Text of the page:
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MIKE WATSON: Patrick Bridgewater & Gen. Morgan's Overcoat

FILE PHOTO LEFT - Mike Watson presentation at Adair County Public Library. (Where big things are happening today, Thu 14 Dec 2017, with both Ms. Kessler for Congressman Comer and Mr. Claus paying are paying visits at different times. See CM Events for 14 Dec 2017)

By Mike Watson, Adair County Historian

Another Adair County Civil War Story from the memory of one who was near the incident, Patrick Henry Bridgewater of Cane Valley, and his telling of the Battle of Tebb's Bend, but more importantly, the well-known Confederate Over-coat.
Gen. Morgan's Overcoat
How He Lost It at the Battle of Green River Bridge

Cane Valley, Ky., June 24, '98
About six years ago I had published in the Louisville Courier-Journal a sketch of the battle and the overcoat, in which I made some mistakes--not in the overcoat, but in the battle. So I herein correct the mistakes and request the editor of the Adair County News to republish it in its revised state.

But to return to the overcoat. I have in my possession the overcoat of the Confederate general, John H. Morgan. This relic of the war came into my possession in this wise: On the night of the 3rd of July, 1863, Gen. Morgan and his staff stayed all night at my father's house, J.F. Bridgewater, in Cane Valley, Adair County, Ky. The next morning, being the 4th of July, some of Morgan's forces attacked the Yankees at Green river bridge while the general was still back at my father's. When Gen. Morgan learned of the fight, he hastened to the battle ground, and, in his hurry, he left his overcoat, which remained in my father's possession till his death, since which time it has remained in the possession of the writer.

A short history of the battle of Green River Bridge may be interesting to some of the readers of the Adair County News. The bridge is situated over Green river at Tibe's (sic-Tebb's) bend, in Taylor county, on the Campbellsville and Columbia road, eight miles from the former and twelve miles from the latter town. When Gen. Morgan arrived in the vicinity of the bridge he was informed that the bridge was held by the Twenty-fifth Michigan Infantry, commanded by Col. D.C. More (sic-Moore).

He, wishing to pass on north without hindrance, demanded a surrender of the bridge on the evening of the 3rd of July, which Gen. Morgan thought was accorded, as his scouts reported the enemy evacuating the bridge on the night of the 3rd of July. But the next morning, the 4th of July, Col. Johnson, of Morgan's command, found the Yankees strongly entrenched in a small opening close to and facing the pike. The Confederates held a short conference as to the best plan of attack. Col. Johnson asked if there was a man in the regiment that was acquainted with the locality around the bridge. He was informed that Capt. R.A. Webster was well acquainted with the whole country about the bridge. So Capt. Webster was hunted up and went to Col. Johnson and drew a diagram in the dust of the road of the situation of the bridge and the country round about the bridge. It was decided that Capt. Webster should take a company or the best troopers and go round through Lemon's bend and cross the river at Hatcher's warehouse, a point below the bridge, and intersect the pike at or near James Caldwell's farm, and go back to the bridge and attack the enemy from both ends of the pike, but before Capt. Webster crossed the river with his troopers Col. Johnson, in his eagerness for the attack, advanced his battery within about four hundred yards of the enemy's entrenchment and opened fire on them.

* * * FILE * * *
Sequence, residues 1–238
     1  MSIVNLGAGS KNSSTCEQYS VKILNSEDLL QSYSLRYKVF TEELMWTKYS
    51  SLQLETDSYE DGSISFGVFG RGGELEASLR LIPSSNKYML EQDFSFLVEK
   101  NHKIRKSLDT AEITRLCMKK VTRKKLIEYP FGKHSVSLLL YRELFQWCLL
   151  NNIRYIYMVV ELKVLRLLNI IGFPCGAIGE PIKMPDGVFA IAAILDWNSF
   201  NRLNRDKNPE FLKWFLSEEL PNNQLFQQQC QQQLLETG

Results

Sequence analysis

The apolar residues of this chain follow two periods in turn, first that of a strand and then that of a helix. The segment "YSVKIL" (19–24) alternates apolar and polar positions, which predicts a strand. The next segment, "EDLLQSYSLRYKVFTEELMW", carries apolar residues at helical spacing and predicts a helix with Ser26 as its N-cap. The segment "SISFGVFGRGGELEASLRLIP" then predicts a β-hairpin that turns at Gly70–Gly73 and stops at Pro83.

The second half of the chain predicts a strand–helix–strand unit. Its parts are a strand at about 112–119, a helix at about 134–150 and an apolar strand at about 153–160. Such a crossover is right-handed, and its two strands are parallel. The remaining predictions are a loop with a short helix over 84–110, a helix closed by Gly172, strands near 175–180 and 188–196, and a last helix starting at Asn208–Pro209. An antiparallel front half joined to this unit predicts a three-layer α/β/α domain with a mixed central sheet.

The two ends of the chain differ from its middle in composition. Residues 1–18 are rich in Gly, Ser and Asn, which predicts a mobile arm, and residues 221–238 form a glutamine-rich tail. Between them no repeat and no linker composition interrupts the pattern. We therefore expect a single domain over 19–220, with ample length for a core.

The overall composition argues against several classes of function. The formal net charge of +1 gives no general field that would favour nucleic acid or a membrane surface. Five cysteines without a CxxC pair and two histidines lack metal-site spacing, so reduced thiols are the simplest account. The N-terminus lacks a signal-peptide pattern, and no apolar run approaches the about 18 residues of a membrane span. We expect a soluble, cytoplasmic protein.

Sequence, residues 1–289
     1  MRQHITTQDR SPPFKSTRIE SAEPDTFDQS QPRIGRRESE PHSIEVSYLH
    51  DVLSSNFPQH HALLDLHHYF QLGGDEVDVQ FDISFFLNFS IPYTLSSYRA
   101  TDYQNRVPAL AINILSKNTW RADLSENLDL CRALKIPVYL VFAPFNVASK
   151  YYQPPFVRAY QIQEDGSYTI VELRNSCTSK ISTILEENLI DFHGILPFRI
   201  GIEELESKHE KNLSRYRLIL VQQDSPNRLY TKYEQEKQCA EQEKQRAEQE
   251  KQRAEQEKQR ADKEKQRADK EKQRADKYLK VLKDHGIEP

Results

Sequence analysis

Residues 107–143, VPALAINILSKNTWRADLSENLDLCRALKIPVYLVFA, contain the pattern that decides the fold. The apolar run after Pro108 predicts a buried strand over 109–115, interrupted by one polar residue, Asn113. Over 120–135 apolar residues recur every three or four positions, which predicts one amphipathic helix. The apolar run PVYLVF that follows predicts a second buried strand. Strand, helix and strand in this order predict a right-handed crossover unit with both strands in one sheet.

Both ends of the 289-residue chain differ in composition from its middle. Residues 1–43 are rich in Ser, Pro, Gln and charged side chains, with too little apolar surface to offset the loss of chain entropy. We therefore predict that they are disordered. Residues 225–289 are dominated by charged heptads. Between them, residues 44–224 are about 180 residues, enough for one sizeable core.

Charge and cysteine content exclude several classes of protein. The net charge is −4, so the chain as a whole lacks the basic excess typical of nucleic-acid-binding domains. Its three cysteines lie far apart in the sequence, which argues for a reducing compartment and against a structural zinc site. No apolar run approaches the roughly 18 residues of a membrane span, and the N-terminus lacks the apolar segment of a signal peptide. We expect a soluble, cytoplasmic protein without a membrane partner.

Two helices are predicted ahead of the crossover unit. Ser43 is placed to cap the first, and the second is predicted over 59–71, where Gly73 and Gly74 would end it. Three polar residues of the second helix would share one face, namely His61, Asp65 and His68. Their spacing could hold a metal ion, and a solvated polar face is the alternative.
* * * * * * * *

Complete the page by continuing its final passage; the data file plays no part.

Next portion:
After killing some, the rest of the Yankees ran out of their entrenchment and fell back down the pike behind their breast works, consisting of large trees cut down for the purpose. A small portion of Johnson's command dismounted and pursued the enemy to within a few yards of their breastwork. Only a few could get at them--just the width of the pike--as each side of the pike was densely covered with underbrush. You could scarcely see a man twenty yards standing up. The Yankees shot down Morgan's men as fast as they advanced on them.

That attack was made without Gen. Morgan's consent or knowledge. It was done while the general was back at my father's house, six miles from the bridge. In the meantime Gen. Morgan arrived on the battle ground and, seeing the situation of the enemy, he was convinced of the hopelessness of further resistance on his part and he felt it his duty to shift from himself the responsibility of any further effusion of blood. He ordered a flank move, which was done in good order, carrying off all his guns and wounded, but leaving his dead in the hands of the enemy, who buried them all in one pit by the side of the pike. There were no prisoners captured on either side. The Federals reported many Confederates killed and but few of theirs, as was usual in those days. I assisted in the re-interment of the Confederate dead about seven years after the battle and we exhumed only twenty three skulls. Those, together with the other bones of the brave Confederate boys, now lie on top of a high cliff on Green river in Taylor county, within a few hundred yards of where they fell with a handsome monument erected over their remains to mark the spot of their last resting place.

They had fought their last battle,

They had slept their last sleep;

No sound could awake them to glory again. - Patrick H. Bridg(e)water

The Courier-Journal had printed Mr. Bridgewater's account some years previously, but he had learned more about the battle in more recent times and wished to relay that information to his fellow Adair County News readers. --MIKE WATSON, 12 December 2017

This story was posted on 2017-12-14 06:17:22
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